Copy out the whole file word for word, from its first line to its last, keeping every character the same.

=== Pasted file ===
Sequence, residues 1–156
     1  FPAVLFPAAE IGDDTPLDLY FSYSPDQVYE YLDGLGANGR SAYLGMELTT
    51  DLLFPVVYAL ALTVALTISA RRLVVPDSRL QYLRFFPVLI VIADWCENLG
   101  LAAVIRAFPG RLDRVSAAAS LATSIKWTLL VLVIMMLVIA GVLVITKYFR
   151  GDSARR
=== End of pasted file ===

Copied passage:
Sequence, residues 1–156
     1  FPAVLFPAAE IGDDTPLDLY FSYSPDQVYE YLDGLGANGR SAYLGMELTT
    51  DLLFPVVYAL ALTVALTISA RRLVVPDSRL QYLRFFPVLI VIADWCENLG
   101  LAAVIRAFPG RLDRVSAAAS LATSIKWTLL VLVIMMLVIA GVLVITKYFR
   151  GDSARR